Thanks. It still sort of drives me nuts that one of the most iconic aircraft of WWII is so poorly represented in 1/48th scale, even after decades of the hobby "maturing" into stuff like the recent XUNTONG IL-4 kit in quarter inch and the Zveda Su-2. Even if we go back a few years to the Trumpeter Wellington kits and further still to the Tamiya Lancaster we are still light years ahead of the Revell-Monogram B-17F and G kits.
I understand your sentiment regarding the lack of quadrimotors in recent decades, absurd, but I simply have to disagree with your assesment of the monogram B-17g. It is a lucky exception compared to the crap almost all the other bombers are, and I have seen excellent builds with little effort thanks to the squadron canopy. Without the squadron clear parts there would be a valid complaint still, but they are widely available and cheap.
The accuracy of the monogram b-17 outlines is extraordinary for the era, right down to the correct symmetrical wing airfoil so typical of the 1930s: the grossness of the more recent b17s in all scales is a a tribute to monogram excellence.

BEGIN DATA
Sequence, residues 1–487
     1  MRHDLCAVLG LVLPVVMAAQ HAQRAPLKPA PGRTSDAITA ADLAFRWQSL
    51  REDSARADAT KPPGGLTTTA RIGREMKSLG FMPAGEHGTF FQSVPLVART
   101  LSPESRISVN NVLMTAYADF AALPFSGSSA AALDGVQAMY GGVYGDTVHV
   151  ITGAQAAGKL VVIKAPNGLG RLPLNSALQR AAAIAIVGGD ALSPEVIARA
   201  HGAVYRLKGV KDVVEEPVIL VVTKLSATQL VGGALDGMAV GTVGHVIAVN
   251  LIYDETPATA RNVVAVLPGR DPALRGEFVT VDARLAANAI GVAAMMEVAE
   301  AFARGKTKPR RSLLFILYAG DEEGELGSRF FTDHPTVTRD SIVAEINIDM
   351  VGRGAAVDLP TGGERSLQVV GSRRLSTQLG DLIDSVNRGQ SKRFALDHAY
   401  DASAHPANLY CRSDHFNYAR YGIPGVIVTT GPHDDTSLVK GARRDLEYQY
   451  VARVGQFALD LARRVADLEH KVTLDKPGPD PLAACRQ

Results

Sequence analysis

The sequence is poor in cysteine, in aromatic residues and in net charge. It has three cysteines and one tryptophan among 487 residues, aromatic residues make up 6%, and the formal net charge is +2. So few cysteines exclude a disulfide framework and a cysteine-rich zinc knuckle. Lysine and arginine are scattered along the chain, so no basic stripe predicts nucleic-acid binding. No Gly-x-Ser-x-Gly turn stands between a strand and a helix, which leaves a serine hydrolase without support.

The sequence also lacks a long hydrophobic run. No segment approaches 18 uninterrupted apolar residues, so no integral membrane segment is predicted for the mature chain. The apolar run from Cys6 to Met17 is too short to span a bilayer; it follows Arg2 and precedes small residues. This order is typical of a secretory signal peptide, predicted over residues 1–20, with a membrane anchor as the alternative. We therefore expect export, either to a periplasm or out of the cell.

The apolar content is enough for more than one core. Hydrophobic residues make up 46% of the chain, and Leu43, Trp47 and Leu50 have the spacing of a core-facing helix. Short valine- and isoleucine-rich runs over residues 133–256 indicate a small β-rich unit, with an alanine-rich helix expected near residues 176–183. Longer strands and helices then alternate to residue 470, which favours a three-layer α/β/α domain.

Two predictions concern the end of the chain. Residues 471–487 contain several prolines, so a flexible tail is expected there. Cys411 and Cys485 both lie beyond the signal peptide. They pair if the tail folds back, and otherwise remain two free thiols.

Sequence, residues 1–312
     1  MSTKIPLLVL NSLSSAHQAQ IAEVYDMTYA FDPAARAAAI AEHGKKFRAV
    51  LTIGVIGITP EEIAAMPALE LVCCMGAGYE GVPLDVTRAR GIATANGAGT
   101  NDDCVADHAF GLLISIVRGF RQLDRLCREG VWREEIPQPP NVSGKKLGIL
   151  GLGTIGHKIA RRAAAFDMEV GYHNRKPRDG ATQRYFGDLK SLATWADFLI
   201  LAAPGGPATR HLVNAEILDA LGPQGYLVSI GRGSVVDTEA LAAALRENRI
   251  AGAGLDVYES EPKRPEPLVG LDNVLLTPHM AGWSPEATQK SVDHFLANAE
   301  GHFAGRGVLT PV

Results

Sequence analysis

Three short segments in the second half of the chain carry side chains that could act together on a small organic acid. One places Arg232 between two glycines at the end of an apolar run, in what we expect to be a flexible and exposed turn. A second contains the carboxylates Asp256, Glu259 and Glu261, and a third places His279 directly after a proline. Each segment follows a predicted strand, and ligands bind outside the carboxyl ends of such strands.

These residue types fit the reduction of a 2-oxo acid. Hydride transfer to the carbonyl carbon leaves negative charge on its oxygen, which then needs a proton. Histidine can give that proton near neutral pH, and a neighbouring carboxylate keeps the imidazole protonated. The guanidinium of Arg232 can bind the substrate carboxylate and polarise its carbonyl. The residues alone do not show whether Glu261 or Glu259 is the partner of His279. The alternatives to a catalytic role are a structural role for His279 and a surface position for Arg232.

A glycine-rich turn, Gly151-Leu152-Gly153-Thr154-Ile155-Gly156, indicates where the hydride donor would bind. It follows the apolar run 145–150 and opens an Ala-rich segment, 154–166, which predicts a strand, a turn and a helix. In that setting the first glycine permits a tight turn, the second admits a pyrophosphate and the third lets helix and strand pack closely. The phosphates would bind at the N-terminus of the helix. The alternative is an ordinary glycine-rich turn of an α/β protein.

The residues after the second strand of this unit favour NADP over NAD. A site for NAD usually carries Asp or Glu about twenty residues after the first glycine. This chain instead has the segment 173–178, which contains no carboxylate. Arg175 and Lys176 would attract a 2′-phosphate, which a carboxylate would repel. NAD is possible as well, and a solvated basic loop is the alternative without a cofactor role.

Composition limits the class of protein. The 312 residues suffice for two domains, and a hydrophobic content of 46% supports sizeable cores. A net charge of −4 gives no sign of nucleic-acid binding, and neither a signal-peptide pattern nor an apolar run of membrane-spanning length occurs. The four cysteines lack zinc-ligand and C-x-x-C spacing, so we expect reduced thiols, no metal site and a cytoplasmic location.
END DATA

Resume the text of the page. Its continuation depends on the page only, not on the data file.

The Tamiya lancaster has no fuselage bottom flare and is wrong in an infinite number of ways. Monograms own b-29 and b-24s are unspeakable monstrosities as well.
The Wellington is a better trumpeter effort but unlike the old b-17 its canopy is way too shallow and wrong.
The xuton Il-4 is excellent but that is a rare exception, and the engraving is heavy enough to make monogram raised lines look good. The only land-based big WwII kit to be better than the mono B-17 is the ju-52 and the recent German bombers, and even for the latter they have more problems than the b-17....
The numerous AM sets for making the G really makes the later b-17s better served than just about any other large WWII type... G